Mali’s military junta whipped up nationalist sentiments as it successfully pushed West African leaders to end the economic blockade imposed on the country following a coup, writes regional analyst Paul Melly.
In return for setting a firm February 2024 election deadline, Mali’s regime has secured an end to the sanctions imposed by the Economic Community of West African States (Ecowas).
For ordinary Malians, particularly the urban population in the capital, Bamako, who consume more imported goods, the lifting of the sanctions is certainly good news.
Although the measures were not meant to curb the supply of basic essentials, in practice they were an additional pressure for traders and families already struggling to cope with the rise in world grain and fuel prices driven by the resurgence of world demand after the pandemic and then the Russian attack on Ukraine.
The sanctions were imposed in January after the junta, which seized power last year, announced a four-year delay in the transition to elected civilian rule. It has now pruned back the transition to less than two years, with elections starting in February 2024.
This was accepted by Ecowas leaders at their summit meeting in Ghana’s capital, Accra, at the weekend.
It is a significant success for Mali’s regime, but also a huge relief for Ecowas, which has increasingly come to be viewed by many Malians, and many others across the region, as an over-weaning club of presidents who take a harsh line against military putschists but overlook their own faults.
Mali’s military leaders and Prime Minister Choguel Maïga cleverly played on these popular perceptions to present themselves as the defenders of the people against bullying neighbours, who failed to appreciate the need for radical change in a country whose traditional elite had supposedly been rotted by corruption and complacency.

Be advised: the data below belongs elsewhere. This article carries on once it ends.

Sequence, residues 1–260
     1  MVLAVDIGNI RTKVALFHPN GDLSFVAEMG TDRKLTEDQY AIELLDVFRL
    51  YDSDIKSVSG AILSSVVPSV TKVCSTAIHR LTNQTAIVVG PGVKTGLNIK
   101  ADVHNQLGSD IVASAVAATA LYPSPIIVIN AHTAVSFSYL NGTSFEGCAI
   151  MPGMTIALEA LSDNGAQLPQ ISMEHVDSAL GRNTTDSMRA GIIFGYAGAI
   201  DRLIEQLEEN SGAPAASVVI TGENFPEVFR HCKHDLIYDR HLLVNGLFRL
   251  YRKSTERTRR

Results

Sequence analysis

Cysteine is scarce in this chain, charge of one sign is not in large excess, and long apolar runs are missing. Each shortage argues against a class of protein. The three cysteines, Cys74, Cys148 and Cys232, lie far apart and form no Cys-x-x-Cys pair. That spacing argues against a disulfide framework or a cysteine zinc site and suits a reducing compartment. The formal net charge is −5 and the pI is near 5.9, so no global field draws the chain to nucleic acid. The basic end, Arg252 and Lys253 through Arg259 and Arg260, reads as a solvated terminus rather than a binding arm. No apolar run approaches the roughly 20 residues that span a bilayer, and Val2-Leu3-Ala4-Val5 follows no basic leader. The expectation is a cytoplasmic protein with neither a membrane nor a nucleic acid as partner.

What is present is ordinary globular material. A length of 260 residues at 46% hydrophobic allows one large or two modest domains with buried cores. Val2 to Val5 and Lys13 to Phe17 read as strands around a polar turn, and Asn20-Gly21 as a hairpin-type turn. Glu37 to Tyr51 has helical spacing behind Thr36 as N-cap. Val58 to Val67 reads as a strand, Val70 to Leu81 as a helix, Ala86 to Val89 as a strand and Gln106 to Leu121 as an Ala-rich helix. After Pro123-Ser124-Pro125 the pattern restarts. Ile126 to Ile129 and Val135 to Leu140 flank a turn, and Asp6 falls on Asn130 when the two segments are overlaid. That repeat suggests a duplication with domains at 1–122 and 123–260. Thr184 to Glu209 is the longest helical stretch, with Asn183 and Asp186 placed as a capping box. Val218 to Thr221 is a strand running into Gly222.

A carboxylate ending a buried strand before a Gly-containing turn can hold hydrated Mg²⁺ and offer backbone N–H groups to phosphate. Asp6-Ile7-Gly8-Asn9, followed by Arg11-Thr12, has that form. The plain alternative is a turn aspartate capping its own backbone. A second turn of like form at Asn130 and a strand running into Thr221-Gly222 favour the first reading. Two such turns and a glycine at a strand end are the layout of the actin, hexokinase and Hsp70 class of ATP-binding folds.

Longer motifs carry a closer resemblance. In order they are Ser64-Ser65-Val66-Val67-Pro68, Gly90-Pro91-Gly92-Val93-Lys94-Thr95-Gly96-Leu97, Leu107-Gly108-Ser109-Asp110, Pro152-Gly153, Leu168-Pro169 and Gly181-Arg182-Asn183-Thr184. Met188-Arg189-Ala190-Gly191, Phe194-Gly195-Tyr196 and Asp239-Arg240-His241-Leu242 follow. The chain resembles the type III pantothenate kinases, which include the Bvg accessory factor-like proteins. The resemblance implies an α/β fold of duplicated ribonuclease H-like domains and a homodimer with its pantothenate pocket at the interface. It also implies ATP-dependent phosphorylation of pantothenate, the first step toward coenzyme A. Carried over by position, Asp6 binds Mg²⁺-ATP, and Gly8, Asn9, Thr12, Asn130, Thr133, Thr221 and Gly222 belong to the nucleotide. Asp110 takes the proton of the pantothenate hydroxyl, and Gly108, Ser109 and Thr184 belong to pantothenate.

Over the past six months, every tough message from Ecowas or Europe and the United Nations, has been met with a defiant nationalist response from Bamako.
In mid-May the regime announced that Mali was quitting the G5 Sahel bloc, created in 2014 to coordinate a joint effort by Sahelian armies in fighting jihadist groups.
The regime has maintained its collaboration with the Russian security contractor Wagner, despite allegations from Human Rights Watch and others about widespread abuses against civilians.
The breakdown of its relations led France and other European countries to announce the withdrawal of the troops they had deployed to fight jihadist groups, a process that will be complete with the departure of the final contingent from the French force Barkhane next month.
Meanwhile, the Bamako regime has imposed ever-tighter restrictions on the operations of the UN peacekeeping force known by its acronym Minusma, denying its investigators local access to investigate reported crimes, such as the army and Wagner’s alleged killing of around 300 people in the village of Moura in late March.
Yet even as Mali became more defiant, it gradually reined back its political agenda, edging towards something that Ecowas might accept.
Spate of coups
West African leaders were initially ready to show some flexibility. Their envoy for the Mali crisis, former Nigerian President Goodluck Jonathan, kept up his shuttle diplomacy visits to Bamako.